It is not easy to live as strangers in the world.  There are pressures—our internal weaknesses, circumstances, others, even persecution.  Most of all Peter reminds us of the enemy of souls, who like a roaring lion prowls looking for victims.  Living in a world where we are strangers and which is often hostile can take its toll—deterioration, wearing and tearing.

Who of us have not retreated from engagement with life, the worse for wear—wounded, damaged, broken.  What congregation has not known conflict, division, in the struggle to be God’s people.

But Peter reminds us, restoration is God’s special work.  God is not a throw-away God.  He puts things back together, restores, perfects.   Frazzled, at loose ends, in pieces?  God will repair to perfection.

What is special here is the emphasis—it is God’s personal work.  God does not leave this to instrumental means, but it is His own “personal active ministry to His people.”  And it is true grace.  Peter was exhibit A.  This could not have been lost on those to whom he wrote.  They were too near to it.

When the struggle, the battle has taken its toll, God’s word to us is not just “try again”, “try harder” but grace, “true grace” which is all we need.

And now I commend you to God and to the word of his grace, which is able to build you up and to give you the inheritance among all who are sanctified. (Acts 20:32)

Where We Are

You must understand that in the last days scoffers will come, scoffing and following their own evil desires. –II Peter 3:3

I was recently looking at the results of a national study on the “Beliefs, Preferences and Practices” of the American people.  It is the first of its kind study in fifteen years.  Several things in particular caused me to “sit up and take notice.”  The first was that over four in ten Americans  (42.3%) believe “God is the full realization of human potential.”  More than one in four  (27.9%) agree with the statement: “Everyone and everything is god.”  When asked about religious preferences almost one in four (22.6%) answered “none.”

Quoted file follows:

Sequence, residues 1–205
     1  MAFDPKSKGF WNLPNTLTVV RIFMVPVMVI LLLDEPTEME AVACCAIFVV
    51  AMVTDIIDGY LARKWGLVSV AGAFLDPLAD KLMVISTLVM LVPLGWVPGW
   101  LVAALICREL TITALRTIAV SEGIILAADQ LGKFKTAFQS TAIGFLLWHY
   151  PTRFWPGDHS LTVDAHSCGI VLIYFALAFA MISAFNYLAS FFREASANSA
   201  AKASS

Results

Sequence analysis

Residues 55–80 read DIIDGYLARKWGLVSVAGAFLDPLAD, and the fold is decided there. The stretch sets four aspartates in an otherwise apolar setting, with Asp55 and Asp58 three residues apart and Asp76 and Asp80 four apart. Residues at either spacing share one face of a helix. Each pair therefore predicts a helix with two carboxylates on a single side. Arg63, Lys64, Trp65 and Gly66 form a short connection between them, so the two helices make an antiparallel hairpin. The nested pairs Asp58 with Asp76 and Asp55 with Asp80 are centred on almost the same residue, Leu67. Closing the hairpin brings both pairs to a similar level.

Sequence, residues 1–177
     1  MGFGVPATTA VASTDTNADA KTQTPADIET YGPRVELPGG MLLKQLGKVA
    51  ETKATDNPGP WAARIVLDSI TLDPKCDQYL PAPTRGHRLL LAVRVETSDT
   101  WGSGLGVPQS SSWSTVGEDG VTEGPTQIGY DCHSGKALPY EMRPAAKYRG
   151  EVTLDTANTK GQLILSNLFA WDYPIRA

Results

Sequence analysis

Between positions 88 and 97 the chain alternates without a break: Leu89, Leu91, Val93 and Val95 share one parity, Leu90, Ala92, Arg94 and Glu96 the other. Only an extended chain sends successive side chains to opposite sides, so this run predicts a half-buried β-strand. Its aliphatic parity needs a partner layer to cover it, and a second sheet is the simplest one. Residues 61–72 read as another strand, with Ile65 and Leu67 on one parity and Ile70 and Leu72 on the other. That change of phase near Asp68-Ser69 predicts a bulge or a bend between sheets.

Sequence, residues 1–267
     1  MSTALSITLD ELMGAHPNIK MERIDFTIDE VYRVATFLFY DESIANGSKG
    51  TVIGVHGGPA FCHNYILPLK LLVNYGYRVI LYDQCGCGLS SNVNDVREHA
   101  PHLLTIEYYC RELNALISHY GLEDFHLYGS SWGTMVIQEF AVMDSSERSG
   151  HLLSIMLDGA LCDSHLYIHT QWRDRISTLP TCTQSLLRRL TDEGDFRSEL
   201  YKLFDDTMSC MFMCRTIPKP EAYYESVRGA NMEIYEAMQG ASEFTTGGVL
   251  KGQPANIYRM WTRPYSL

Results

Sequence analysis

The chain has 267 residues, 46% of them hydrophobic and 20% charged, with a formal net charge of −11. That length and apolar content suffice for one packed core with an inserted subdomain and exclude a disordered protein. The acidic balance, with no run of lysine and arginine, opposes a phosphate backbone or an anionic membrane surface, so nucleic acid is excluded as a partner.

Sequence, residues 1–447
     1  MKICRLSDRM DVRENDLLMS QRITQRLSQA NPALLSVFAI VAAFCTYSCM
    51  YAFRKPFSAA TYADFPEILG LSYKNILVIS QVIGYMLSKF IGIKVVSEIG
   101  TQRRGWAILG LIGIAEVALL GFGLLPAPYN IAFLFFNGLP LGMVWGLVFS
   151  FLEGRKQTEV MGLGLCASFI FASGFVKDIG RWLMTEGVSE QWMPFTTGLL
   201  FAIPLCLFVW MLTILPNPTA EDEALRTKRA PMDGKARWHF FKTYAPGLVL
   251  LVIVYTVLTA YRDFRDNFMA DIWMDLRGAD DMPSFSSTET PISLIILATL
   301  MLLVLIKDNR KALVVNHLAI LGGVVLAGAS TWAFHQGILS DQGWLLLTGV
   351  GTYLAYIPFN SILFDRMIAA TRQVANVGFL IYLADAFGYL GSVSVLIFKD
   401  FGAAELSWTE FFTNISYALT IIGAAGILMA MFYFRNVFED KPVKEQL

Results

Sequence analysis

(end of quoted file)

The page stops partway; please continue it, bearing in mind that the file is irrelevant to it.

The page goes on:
Another study by the Barna group and examined in a book by David Kinnaman, “You Lost Me,” deals with the mass exodus of young Christians from church.

These and other data paint a sobering picture of the state of Christianity and the church along with prospects for the future.  In light of that what is a Christian to do?  For some it becomes an exercise in spiritual “hand-wringing.”  For others, the response is “We know the outcome.”  Jesus said “I will build my church and the gates of hell will not prevail against it.”  So, let’s go merrily on our way to heaven and “to hell (literally) with the rest of the world.”

However, Jesus warned this would happen.  And in that context, he gave us our orders: “Go and make disciples, followers of Jesus.”  How can we do that in a world like ours?  There is no easy answer.  However, there is one thing we must do.  Make sure our/my life models Jesus.   Nothing so disarms the enemy, so attracts others to him.  We see too many Christians (I use the word loosely) who disprove the good news.  We have too many churches where it is not taken seriously and who settle for a thin religious veneer rather than transformed lives.

A former professor of mine, Dr. James Robertson, used to say (in his rich Scottish brogue) we need to “adorn the gospel.”  He was saying we need to live so our living is good advertisement for God’s way.  Everything else depends on God’s people being like Jesus.

When God shows up

The priests couldn’t even carry out their duties because of the cloud—the glory of God!—that filled The Temple of God. -Message

When God Shows Up

Don’t you just love discovering stories like this in the Bible?  I’m sure I’ve read this passage numerous times and went right past it like running past a spectacular view without even noticing.  But today, I noticed.

Get the picture: the choir and orchestra with 120 trumpet blowing priests praising God: “God is good! His loyal love goes on forever!”  God’s presence, glory so powerful, tangible as a cloud fills His house and the service stops as the priests “could not stand to minister.”  When God shows up church ritual, routine takes a back seat.  Those leading worship are simply overwhelmed and everything stops as the power of God takes over.  Wow! And I don’t use that word very often, but Wow!